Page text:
Christian Lenart (MIT)

The Combinatorics of Steenrod Operations on the Cohomology of Grassmannians

The study of the action of the Steenrod algebra on the mod *p* cohomology of spaces has many applications to the topological structure of those spaces. In this talk we present some combinatorial formulas for the action of Steenrod operations on the cohomology of Grassmannians, both in the Borel and the Schubert picture. We consider integral lifts of Steenrod operations, which lie in a certain Hopf algebra of differential operators. The latter has been considered recently as a realization of the Landweber-Novikov algebra in complex cobordism theory; it also has connections with the action of the Virasoro algebra on the boson Fock space. Our formulas for Steenrod operations are based on methods which have not been used before in this area, namely Hammond operators and the combinatorics of Schur functions. We also discuss applications of our formulas to the geometry of Grassmannians.

Note: Preprint available.

Joszef Losonczy (CUNY-Graduate Center)

Arithmetical Matchings

Our goal is to generalize the following known matching property of lattices as far as possible to an arbitrary abelian group. Let G be a lattice (discrete additive subgroup of R^n). Suppose we are given m lattice points and m direction vectors from G. Then it is possible to pair the lattice points with the direction vectors in one-to-one fashion so that the sum within each pair is not one of the given lattice points; moreover, this can be done in such a way that the pairing is uniquely determined by the lattice points, direction vectors and multiset of sums. After discussing two approaches to proving the lattice formulation (one due jointly to Alon, Fan, Kleitman and Losonczy), we describe how the Dyson e-transform, the Cauchy-Davenport inequality and other tools from additive number theory can be used to prove the existence of admissible pairings (matchings) in a more general setting.

Note: Preprint available.

Igor Pak (MIT)

Ribbon Tile Invariants

Consider the problem of tiling a region on a square grid by a given set of tiles. You can use the same tile many times, but only translations are allowed (no rotations or reflections). There are two types of questions you can ask:

- (1) Are there any tilings of a given region?
- (2) If there are, what do these tilings look like?

While most people were traditionally concerned with the first question, in our work we are dealing with the second question. Namely, in a case of ribbon tiles (also called rim hooks in a different context) we were able to find all the affine linear relations for the number of times each tile can occur in a tiling. This generalizes Conway-Lagarias Theorem and explains certain results regarding characters of the symmetric groups. The crucial part of the proof is the Stanton-White bijection and its generalization. We also give some applications to tileability (the first question).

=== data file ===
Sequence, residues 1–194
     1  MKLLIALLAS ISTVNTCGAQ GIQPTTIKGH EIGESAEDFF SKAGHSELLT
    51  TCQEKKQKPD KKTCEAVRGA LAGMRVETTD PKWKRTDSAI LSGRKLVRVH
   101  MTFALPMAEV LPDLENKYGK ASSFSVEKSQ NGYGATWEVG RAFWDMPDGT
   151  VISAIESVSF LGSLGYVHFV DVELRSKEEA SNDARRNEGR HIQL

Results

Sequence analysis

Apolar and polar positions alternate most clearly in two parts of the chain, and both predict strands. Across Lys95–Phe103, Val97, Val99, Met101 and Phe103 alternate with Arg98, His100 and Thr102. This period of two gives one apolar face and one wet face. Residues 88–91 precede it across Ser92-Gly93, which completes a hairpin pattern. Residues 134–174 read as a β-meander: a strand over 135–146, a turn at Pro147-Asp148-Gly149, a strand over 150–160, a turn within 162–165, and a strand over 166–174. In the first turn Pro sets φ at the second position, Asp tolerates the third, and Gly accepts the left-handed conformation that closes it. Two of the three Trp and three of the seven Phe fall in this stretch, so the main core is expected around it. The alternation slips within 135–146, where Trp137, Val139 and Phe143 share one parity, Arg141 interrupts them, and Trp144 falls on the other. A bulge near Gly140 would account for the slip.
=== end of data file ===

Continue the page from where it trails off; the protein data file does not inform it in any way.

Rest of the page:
(During the talk, a puzzle and its solution were handed out; these are available over the Web.)

Itaru Terada

Brauer Diagrams, Updown Tableaux and Conjugacy Classes of Nilpotent Matrices

We give a geometric interpretation of S. Sundaram's correspondence, or the one modified by T. Roby, between the Brauer diagrams on 2n points and the updown tableaux of length 2n which both start and end at the empty shape.

Our interpretation is an analogue of R. Steinberg's result on the original Robinson-Schensted correspondence, which describes the relative position of a generic pair of complete flags fixed by a unipotent transformation and having a prescribed pair of sequences of types under it.

Our result uses pairs of a nondegenerate symplectic form and a complete flag instead of pairs of complete flags, and has been inspired by works by Oshima and Matsuki on orbit decompositions of symmetric spaces.

Alexander Kirillov (MIT)

Kazhdan-Lusztig Polynomials and Canonical Bases

We show that the Kazhdan-Lusztig polynomials (and, more generally, parabolic KL polynomials) for the group S_n coincide with the coefficients of the canonical basis in the nth tensor power of the fundamental representation of the quantum group

Alexander Postnikov (MIT

Hidden Symmetries of Gromov-Witten Invariants

Gromov-Witten invariants of flag manifolds generalize the intersection numbers of Schubert varieties (aka Littlewood-Richardson coefficients). Their study and explicit calculation is an important problem in quantum Schubert calculus. The aim of the talk is to present certain symmetries of these invariants under the action of cyclic groups. This allows one to calculate 1/n of all these invariants.

Peter Magyar

The Bruhat Order on Quiver Varieties

For each partition with parts less than n, there is a variety of partial flags of subspaces in an n-dimensional vector space. We use V. Kac's method of quiver representations to answer the question: For which tuples of partitions does the group $GL(n)$ act on the corresponding product of partial flag varieties with finitely many orbits? (For a single flag variety, these orbits are Schubert cells.) We describe the poset (Bruhat order) given by closures of these orbits. Joint work with J. Weyman and A. Zelevinsky.

Irena Peeva (MIT)

Resolving a Monomial Ideal by a Simplicial Complex

This is a joint work with Dave Bayer (Columbia Univ) and Bernd Sturmfels (Univ of California, Berkeley).

Let M be a monomial ideal in the polynomial ring S=k[x_1,... ,x_n] over a field k. We are interested in the problem, first posed by Kaplansky in the early 1960's, of finding a minimal free resolution of S/M over S. The difficulty of this problem is reflected in the fact that the homology of arbitrary simplicial complexes can be encoded via the Stanley-Reisner correspondence into the multigraded Betti numbers of S/M. In particular, the minimal free resolution may depend on the characteristic of k.

We introduce an approach of resolving by encoding the whole resolution (including the differential maps) into a single simplicial complex. We prove that generically such a resolution is minimal and comes from the boundary of a polytope. We resolve (non-minimally) an arbitrary monomial ideal by deforming it to a generic one.

Background: I will assume familiarity with Section 11 in Chapter I in the book "Combinatorics and commutative algebra" by R. Stanley.